7 tricks for writing internal copy they’ll actually read

Find people-focused stories. Remember Mr. Spock. Imagine you’re paying for all those words. The result will be writing that your audience loves.

How to write more interesting internal copy

Editor’s note: This story is taken from Ragan Communications’ distance-learning portal Ragan Training. The site contains hundreds of hours of case studies, video presentations and interactive courses.

When you write for an internal audience, think of yourself as reaching out to a network that extends far beyond your initial readers, says writer Sharon Hurley Hall.

In “Employees: The most important audience you’ll ever write for,” says Hurley Hall, who mentors writers on her Get Paid to Write Online blog, lays out tips for communicating internally.

“Your internal audience is only the first stage of your company’s communication,” she says, “because the people that you’re communicating with internally may also be transmitting some of that communication to external audiences and stakeholders.”

This includes executives talking to industry leaders, staffers talking to contractors, and salespeople reaching out to prospects.

Here a few of Hurley Hall’s best suggestions for writing for your audience, internally and externally:

1. Consult the organizational chart.

Especially in a large company or nonprofit, it’s easy to lose sight of how varied one’s audiences are. Use an organizational chart to survey your employees, and think about all the people in your company that might read your communication.

Then think beyond them. LinkedIn can give you a glimpse of contacts, showing you how wide your reach potentially is.

Any piece of information has different implications for each audience.

  • Strategic: Your executives are probably thinking about the greater strategic imperatives of your information.
  • Your employees probably want to know what it means for their day-to-day work.
  • Tactical: This includes people who are putting a program together and who might want to tweak it to ensure it goes well, based on your information.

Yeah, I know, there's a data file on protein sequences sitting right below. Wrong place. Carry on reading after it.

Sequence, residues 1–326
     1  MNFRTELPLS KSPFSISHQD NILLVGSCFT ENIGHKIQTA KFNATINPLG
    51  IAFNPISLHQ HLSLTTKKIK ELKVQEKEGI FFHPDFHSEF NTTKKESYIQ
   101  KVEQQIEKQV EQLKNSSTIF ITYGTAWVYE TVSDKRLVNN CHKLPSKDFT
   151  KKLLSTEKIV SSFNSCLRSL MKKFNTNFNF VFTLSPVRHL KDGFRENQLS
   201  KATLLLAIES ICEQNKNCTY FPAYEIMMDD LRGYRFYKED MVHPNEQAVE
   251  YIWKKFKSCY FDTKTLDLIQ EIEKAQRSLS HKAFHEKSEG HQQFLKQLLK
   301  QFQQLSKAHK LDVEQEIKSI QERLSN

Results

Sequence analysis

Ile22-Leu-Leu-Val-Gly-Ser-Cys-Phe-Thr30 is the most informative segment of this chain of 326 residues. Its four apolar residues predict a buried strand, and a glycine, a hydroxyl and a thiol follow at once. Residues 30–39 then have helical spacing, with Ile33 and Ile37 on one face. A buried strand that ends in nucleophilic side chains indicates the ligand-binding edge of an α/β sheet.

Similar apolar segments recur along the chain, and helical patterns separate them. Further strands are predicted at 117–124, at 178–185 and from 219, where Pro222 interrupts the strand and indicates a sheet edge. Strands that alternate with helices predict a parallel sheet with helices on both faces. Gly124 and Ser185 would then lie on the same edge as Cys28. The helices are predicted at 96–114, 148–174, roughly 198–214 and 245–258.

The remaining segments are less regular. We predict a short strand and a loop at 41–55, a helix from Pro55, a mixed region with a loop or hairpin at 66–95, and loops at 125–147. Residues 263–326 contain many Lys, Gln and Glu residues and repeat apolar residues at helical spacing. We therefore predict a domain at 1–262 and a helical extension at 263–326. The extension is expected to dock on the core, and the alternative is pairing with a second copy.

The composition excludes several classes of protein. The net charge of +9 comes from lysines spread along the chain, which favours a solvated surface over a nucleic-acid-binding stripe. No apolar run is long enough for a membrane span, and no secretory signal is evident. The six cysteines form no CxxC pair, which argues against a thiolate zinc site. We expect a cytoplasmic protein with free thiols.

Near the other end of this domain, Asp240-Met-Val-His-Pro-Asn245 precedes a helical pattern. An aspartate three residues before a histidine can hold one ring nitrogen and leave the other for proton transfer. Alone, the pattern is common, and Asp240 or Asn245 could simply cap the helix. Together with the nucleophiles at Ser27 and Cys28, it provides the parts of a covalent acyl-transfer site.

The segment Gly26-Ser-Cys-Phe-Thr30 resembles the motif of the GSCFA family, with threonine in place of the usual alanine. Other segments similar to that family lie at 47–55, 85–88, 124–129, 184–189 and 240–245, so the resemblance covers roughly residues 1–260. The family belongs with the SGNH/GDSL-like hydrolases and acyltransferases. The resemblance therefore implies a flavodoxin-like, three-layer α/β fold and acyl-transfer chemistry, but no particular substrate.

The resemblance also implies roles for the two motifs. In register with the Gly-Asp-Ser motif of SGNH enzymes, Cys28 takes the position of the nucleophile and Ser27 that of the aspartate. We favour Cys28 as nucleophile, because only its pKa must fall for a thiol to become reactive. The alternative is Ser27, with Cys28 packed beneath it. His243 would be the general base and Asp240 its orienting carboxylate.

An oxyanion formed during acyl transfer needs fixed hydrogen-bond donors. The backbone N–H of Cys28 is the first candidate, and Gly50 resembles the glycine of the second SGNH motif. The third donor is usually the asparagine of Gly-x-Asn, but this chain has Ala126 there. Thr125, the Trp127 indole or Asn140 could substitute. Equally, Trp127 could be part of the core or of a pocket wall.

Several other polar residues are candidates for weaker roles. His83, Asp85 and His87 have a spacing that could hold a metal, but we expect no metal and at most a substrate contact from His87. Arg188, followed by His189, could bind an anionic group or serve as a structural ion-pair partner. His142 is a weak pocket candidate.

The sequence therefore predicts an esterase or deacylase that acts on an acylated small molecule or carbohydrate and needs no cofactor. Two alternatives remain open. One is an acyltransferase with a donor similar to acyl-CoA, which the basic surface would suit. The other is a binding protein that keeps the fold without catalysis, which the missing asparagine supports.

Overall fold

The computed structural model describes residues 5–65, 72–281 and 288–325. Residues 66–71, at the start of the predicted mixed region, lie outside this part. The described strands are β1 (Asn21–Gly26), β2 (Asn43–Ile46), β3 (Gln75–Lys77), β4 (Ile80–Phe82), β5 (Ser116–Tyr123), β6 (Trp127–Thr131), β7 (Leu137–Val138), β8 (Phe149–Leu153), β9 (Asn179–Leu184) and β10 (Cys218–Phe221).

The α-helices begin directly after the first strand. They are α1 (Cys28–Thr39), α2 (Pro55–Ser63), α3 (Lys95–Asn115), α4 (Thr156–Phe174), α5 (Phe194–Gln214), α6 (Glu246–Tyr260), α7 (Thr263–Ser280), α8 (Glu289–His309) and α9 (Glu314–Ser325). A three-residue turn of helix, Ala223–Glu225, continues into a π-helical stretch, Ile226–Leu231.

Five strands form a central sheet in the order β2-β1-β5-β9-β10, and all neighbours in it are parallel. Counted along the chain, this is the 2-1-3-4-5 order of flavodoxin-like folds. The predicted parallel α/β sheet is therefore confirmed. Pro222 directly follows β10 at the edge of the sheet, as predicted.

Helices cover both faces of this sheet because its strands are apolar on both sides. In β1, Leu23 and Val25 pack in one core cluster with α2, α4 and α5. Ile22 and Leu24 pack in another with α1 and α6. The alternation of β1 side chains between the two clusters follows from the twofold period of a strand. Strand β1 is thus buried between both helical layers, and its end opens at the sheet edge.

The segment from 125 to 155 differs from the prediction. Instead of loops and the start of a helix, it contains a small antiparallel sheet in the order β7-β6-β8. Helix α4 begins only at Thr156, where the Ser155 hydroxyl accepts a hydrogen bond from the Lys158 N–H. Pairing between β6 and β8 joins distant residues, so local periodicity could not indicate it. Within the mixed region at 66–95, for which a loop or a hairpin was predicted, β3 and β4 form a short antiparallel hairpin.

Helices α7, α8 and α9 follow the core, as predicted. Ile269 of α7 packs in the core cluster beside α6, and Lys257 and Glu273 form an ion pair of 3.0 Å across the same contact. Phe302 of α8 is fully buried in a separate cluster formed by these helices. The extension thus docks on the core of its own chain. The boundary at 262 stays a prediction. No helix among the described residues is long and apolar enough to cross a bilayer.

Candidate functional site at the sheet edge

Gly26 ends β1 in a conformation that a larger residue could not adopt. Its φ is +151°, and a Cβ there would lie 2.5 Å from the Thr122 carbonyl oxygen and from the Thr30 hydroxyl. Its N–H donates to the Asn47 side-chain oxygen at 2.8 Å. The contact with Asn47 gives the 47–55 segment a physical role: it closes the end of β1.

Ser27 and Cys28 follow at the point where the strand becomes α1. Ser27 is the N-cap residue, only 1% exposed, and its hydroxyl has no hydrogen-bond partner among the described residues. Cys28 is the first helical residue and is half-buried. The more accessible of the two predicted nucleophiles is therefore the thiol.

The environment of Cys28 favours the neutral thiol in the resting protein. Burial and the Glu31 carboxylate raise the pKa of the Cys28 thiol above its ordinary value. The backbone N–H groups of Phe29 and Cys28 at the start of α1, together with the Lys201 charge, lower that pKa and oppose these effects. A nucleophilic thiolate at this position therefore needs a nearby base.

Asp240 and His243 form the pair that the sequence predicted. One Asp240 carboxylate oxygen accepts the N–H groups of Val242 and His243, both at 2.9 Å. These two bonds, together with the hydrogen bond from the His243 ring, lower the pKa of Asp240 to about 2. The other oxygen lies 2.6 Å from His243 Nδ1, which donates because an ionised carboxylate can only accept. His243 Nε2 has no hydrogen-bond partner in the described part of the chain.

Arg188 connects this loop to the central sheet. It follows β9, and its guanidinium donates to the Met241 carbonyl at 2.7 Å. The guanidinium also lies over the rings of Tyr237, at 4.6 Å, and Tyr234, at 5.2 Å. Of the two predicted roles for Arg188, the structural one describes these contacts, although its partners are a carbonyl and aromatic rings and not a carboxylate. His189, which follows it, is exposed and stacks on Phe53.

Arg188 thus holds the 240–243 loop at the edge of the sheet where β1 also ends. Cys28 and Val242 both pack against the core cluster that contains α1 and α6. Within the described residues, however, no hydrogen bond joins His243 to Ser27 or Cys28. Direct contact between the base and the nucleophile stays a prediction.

2. Survey your flock.

One company, Hurley Hall says, used to host competitions on Facebooks. These weren’t achieving the desired results, so it sent out a simple survey. This revealed that its customers tended not to be on Facebook and weren’t interested in competitions. Rather, what they wanted were discount coupons.

“The easiest way to find out what your audience needs is to ask them,” Hurley Hall says.

3. Capture stories.

This doesn’t take much. All it requires is a set of ears—i.e., be alert when people share their experiences—and a notebook or dictation device, such as a digital recorder or smartphone. Techniques like these help NASA and the World Bank tell their stories internally.

4. Write in inverted pyramid.

“The inverted pyramid is your best friend for telling any story,” Hurley Hall says. Citing the “Star Trek” character Mr. Spock, who is quick to shoot holes in any illogical argument, she says form of writing puts logic first.

“If you work out the logic, you won’t have to deal with Spock syndrome or a confused audience,” she says.

The brilliant thing about the journalistic structure is that you work from top down, starting with the most important idea. Furthermore, it helps you group ideas logically, because you apply the inverted pyramid not only to the entire story, but to each paragraph.

“Within each paragraph and each section, the most important information comes first,” she says, “so even people who are skimming the content or only barely listening will still get the basic information that you need them to have.”

5. Imagine you have to pay for each word.

To come up with your main idea, consider a metaphor from the telegraph age. “Imagine you have to send a telegram and you have to pay $1 for every word you send,” Hurley Hall says. “What’s the least amount of words you can convey your big idea in?”

If you prefer a social media metaphor, imagine you have to send a tweet in 100 characters or fewer. If you can’t identify your big idea in a message that short, then there’s no way that your audience will understand what you’re telling them, she says.

6. Steal attention-grabbing techniques from reporters.

Everything from a car crash to a committee meeting involves people. Stress the human element of your story first.

  • Does your communication discuss a decision debate, make a prediction about your industry or suggest a new policy? All these can be sources of controversy.
  • “Is your company dominating the market?” Hurley Hall says. “Are you battling for market share with a key competitor, and winning?”
  • Suppose your company has done research that reveals surprising facts about how many men dye their hair. Surprises grab people’s attention.
  • Show how your product can help regarding issues that concern people.

Remember, you are not guaranteed a careful read just because people work for your company.

“You’re telling that story to market it to your internal audience,” Hurley Hall says.

7. Keep It Simple, Sweetheart.

Bear in mind the acronym KISS, or Keep It Simple, Sweetheart, she says. Standards differ for British and American audiences. With British readers, you can write meandering sentences and polysyllabic words. American (or online) audiences demand short sentences that get to the point quickly.

Also, avoid passive voice. If you can insert “by zombies” after a sentence, it’s passive.

Passive: He was invited by zombies to her party.

Active: Zombies invited him to her party.

Passive: It was determined by zombies that the report was inconclusive.

Active: Zombies determined that the report was inconclusive.

Adds Hurley Hall, “I’d like to urge you to get rid of the ghouls in your communication.”

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